The Legacy of Yeats in Contemporary Irish Poetry

By Schuchard, Ronald | Irish University Review: a journal of Irish Studies, Autumn-Winter 2004 | Go to article overview

The Legacy of Yeats in Contemporary Irish Poetry


Schuchard, Ronald, Irish University Review: a journal of Irish Studies


Derek Mahon and Peter Fallon opened their Penguin anthology of Contemporary Irish Poetry by declaring unequivocally that 'Among the contours of modern Irish poetry the work of Yeats is Everest. His poems and his other activities in the pursuit of a new national identity represent a monument which, more often than not, obscured the achievement of younger writers'. (1) The editors imply that most contemporary Irish poets have of necessity sought to get out from under the cold shadow or the blinding glare of Yeats's imperious presence, scaling instead the more accessible peaks of Louis MacNeice or Patrick Kavanagh. As Desmond O'Grady wrote to Mahon in a verse-letter,

   The statuary that Yeats erected
   left his generation knackered.
   We were luckier in our day
   with Beckett, MacNeice, Kavanagh
   who wrote for us an exit visa ...
   Yeats may lead our poets' procession
   MacNeice and Kavanagh show direction.

But then he warned Mahon:

   Joyce and Beckett are cul de sac
   from which the only out's turn back. (2)

Mahon and Michael Longley certainly pay homage and debts to MacNeice; John Montague, Seamus Heaney, and Eavan Boland to Kavanagh; but other poet-critics would add Joyce, Beckett, and Austin Clarke to a list of alternative precursors and insist on the admission of Auden, at least, among non-Irish influences. Many prefer the strong grounds of Yeats filtered through MacNeice, who wrote the first major book on Yeats, and Auden, whose famous elegy reveals his deep comprehension of Yeats's vision on the eve of another world war--'With your unconstraining voice / Still persuade us to rejoice', and whose 1948 essay 'Yeats as an Example' would eventually reverberate in the poetry of Northern Ireland. (3)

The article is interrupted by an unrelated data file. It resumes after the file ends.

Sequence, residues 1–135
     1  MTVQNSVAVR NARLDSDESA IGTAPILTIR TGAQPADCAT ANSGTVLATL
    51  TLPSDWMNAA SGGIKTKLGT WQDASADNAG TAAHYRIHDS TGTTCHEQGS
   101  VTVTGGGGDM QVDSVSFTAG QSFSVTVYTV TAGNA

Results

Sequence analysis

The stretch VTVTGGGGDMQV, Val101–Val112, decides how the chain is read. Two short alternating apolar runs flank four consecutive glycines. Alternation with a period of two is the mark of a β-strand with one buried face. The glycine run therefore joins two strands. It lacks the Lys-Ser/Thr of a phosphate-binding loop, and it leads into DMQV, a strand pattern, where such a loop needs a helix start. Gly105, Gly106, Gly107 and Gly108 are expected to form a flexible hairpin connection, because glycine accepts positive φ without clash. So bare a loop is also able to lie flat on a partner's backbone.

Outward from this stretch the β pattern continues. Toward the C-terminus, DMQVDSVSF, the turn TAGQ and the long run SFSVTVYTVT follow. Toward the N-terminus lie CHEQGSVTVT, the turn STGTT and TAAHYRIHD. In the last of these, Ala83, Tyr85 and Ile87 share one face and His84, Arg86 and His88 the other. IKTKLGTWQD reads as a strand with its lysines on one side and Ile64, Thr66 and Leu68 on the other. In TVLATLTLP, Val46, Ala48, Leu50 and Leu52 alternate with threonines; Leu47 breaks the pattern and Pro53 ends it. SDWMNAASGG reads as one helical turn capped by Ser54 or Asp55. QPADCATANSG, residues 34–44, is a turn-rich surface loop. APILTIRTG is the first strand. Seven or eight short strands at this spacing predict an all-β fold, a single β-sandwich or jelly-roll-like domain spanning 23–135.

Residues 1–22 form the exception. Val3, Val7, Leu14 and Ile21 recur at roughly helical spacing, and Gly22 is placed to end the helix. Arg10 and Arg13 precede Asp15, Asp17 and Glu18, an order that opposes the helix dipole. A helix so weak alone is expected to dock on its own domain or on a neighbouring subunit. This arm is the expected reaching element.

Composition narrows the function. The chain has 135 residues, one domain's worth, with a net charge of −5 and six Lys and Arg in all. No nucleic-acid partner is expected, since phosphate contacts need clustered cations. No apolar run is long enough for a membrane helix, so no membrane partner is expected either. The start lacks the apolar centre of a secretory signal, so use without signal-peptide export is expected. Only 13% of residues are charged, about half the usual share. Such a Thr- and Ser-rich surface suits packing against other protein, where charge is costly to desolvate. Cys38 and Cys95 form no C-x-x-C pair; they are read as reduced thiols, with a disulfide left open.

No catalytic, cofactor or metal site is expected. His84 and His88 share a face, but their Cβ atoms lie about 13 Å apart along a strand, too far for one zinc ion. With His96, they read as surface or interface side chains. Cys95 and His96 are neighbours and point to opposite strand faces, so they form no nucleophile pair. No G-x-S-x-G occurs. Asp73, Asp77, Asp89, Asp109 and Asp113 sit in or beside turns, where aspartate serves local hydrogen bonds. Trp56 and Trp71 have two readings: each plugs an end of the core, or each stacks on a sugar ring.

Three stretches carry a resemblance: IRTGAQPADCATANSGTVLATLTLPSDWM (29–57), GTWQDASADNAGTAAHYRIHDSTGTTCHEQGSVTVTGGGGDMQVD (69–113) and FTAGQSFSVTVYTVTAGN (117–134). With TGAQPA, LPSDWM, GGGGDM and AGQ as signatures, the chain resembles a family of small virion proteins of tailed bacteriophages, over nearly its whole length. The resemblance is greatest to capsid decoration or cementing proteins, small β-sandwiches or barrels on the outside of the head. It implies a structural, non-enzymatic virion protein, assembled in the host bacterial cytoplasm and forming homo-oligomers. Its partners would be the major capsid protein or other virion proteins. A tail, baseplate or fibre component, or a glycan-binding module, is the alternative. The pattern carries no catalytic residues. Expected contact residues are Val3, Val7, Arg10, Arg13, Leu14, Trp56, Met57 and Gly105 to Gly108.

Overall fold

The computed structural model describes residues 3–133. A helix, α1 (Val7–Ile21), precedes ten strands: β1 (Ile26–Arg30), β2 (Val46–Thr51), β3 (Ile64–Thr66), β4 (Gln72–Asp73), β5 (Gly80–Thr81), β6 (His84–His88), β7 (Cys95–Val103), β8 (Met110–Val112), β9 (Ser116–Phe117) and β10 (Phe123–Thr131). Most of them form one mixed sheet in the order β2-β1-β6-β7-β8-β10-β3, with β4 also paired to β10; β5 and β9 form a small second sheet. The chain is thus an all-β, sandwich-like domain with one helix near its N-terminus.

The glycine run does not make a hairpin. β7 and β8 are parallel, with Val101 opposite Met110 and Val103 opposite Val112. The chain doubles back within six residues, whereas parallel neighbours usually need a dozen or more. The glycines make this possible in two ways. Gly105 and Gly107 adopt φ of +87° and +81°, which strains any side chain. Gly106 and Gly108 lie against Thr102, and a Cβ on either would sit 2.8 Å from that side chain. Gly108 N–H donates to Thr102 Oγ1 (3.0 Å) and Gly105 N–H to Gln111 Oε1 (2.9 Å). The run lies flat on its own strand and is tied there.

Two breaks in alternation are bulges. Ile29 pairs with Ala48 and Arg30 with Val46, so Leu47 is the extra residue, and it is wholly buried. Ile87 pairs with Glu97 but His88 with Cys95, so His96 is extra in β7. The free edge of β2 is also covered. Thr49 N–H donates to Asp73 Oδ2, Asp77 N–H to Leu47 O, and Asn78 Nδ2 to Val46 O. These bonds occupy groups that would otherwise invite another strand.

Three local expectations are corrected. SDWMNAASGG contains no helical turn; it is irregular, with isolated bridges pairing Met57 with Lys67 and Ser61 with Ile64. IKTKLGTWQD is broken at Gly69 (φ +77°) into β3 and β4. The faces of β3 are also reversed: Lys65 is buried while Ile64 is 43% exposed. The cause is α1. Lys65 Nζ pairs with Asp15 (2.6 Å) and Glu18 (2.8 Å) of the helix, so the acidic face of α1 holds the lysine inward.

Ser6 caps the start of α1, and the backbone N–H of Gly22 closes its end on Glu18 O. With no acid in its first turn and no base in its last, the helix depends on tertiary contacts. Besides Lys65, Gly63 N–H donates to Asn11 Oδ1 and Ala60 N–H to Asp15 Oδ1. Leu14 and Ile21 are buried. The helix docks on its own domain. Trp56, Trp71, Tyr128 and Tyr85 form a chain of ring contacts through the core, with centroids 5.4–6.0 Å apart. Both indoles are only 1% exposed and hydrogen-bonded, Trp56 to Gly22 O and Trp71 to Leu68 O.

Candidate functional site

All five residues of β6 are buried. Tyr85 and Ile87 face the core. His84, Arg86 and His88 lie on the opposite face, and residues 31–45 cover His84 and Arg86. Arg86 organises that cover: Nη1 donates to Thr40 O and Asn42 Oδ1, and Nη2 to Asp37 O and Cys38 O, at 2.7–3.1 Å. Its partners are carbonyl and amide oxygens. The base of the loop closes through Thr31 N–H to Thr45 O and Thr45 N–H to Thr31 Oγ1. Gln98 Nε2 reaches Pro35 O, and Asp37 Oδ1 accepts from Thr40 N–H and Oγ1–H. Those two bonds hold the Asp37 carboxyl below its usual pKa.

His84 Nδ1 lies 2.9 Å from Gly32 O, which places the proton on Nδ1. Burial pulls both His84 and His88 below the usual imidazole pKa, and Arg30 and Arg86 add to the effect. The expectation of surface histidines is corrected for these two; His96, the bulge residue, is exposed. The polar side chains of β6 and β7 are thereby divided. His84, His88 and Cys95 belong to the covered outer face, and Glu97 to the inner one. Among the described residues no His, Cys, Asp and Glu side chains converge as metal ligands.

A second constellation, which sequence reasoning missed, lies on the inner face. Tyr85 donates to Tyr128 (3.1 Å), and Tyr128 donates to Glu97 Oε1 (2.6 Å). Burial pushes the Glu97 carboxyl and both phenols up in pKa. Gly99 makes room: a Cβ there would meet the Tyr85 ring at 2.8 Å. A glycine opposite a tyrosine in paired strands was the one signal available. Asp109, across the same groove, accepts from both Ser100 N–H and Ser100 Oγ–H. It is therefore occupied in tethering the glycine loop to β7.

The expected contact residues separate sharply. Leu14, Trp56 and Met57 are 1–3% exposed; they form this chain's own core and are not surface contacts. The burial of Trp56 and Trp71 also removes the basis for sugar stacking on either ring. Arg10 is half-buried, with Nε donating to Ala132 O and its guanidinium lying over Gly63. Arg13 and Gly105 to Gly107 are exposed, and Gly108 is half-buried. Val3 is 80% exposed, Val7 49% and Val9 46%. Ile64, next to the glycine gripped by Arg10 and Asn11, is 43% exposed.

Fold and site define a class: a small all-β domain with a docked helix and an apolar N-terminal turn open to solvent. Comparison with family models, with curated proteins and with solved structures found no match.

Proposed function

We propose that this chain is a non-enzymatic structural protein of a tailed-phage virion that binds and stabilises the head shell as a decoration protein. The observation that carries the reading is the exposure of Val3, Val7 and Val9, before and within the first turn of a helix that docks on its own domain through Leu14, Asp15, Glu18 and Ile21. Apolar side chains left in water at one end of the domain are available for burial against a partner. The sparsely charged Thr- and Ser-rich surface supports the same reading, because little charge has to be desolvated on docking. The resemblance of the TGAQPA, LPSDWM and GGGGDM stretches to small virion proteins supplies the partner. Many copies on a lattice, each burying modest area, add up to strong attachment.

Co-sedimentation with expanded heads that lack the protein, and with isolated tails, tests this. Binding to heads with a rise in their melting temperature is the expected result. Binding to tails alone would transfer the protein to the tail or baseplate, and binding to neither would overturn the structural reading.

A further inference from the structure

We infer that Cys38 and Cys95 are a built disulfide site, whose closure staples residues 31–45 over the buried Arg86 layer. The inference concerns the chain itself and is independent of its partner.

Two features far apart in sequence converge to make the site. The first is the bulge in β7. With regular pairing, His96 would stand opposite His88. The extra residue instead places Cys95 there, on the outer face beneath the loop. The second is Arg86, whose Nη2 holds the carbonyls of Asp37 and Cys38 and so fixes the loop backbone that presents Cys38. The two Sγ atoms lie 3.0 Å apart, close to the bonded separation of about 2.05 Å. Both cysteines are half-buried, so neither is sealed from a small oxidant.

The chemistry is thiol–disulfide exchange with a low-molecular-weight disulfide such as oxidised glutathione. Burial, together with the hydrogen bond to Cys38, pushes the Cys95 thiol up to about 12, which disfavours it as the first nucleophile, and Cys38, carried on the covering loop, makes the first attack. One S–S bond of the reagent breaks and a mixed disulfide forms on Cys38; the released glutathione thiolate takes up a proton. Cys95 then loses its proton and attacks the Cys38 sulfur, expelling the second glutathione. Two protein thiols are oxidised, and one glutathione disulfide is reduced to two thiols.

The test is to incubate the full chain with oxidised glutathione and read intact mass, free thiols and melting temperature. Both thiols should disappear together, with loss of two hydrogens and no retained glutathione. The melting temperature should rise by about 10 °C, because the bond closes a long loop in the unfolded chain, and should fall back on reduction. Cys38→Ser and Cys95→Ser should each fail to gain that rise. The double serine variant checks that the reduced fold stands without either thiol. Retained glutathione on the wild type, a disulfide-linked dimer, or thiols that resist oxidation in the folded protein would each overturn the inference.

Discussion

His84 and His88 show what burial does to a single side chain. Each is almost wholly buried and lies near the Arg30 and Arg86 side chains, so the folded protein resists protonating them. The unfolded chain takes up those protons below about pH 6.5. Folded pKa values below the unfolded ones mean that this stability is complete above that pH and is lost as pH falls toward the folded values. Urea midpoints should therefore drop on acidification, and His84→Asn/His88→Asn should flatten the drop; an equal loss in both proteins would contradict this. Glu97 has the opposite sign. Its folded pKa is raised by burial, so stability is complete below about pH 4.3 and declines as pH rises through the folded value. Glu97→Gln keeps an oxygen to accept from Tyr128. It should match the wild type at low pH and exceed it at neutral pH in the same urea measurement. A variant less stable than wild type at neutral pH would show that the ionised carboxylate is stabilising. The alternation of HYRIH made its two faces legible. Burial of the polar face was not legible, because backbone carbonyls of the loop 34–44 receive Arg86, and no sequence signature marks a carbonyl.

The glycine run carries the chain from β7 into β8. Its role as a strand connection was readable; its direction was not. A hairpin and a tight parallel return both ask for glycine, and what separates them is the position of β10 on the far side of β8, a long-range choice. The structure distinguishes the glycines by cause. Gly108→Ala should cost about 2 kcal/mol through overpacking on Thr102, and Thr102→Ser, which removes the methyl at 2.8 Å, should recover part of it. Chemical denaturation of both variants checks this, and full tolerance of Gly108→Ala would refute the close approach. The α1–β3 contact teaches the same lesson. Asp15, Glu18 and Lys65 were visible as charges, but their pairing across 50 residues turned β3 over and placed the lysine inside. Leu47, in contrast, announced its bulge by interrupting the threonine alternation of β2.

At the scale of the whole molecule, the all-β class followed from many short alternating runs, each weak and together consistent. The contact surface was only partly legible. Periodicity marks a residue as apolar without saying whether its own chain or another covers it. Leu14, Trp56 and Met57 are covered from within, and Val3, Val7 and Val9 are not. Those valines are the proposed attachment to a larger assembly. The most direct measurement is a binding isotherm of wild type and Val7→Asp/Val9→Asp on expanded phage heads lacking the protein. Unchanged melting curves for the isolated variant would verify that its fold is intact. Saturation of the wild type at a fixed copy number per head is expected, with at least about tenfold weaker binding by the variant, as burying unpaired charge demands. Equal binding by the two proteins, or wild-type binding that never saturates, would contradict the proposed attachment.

In a succeeding generation, Paul Muldoon declares that initially he found his inspiration in Eliot and the metaphysicals, and in Joyce rather than Yeats, whom he was temporarily forced to ignore. Where Yeats, and Heaney after him, profess Coventry Patmore's belief that 'The end of art is peace', Muldoon demurs: 'I believe in the exact opposite', he declares, 'The end of art is disquiet and discomfort and rearranging the furniture in your head'. (4) And in '7, Middagh Street' he is quick to dissociate himself from Yeats's 'crass, rhetorical posturing' when Yeats asks in 'Man and the Echo' a famous question of history, whether his Irish play of 1902 led to the English executions of 1916. 'Certainly not', answers Muldoon. 'For history's a twisted root / with art its small translucent fruit / and never the other way round'. (5) However, in his Clarendon Lectures in 1998 he prefaced his brief discussion of Yeats by saying that 'The work of W. B. Yeats ... is a massive subject in itself, one to which I hope to return'. (6) Moreover, when he was elected Professor of Poetry at Oxford in 1999 his inaugural lecture was on Yeats's 'All Souls' Night', the first chapter, we expect, of many to come. (7) In Belfast, Medbh McGuckian prefaced her poetic career by immersing herself in Yeats, writing a masterful paper for instructor Heaney on the poet and the Anglo-Irish poetic tradition, a paper that Heaney judged 'One of the best things I've read on the subject'. (8) 'I feel I exist somewhere on the Tree of Poetry on the same limb as Blake and Yeats', she said earlier in her career, 'but many phone calls below them'. And yet she could use Yeats as an example in dealing with the relation of her poetry to the Troubles: 'Yeats set an absurdly rhetorical example which I don't feel able to follow. Also it got him too involved with reality--being a senator marred his vocation'. (9) In McGuckian's generation there has been no lack of resistance to Yeats. An American critic seeking an interview with Ciaran Carson on Yeats and contemporary Irish poets in 1994 let it be known that he knew the word was out on Carson and Yeats: 'Tess [Gallagher] says you're no admirer of Yeats. Okay'. (10) Carson had also begun with Eliot in conceiving of Belfast as waste land.

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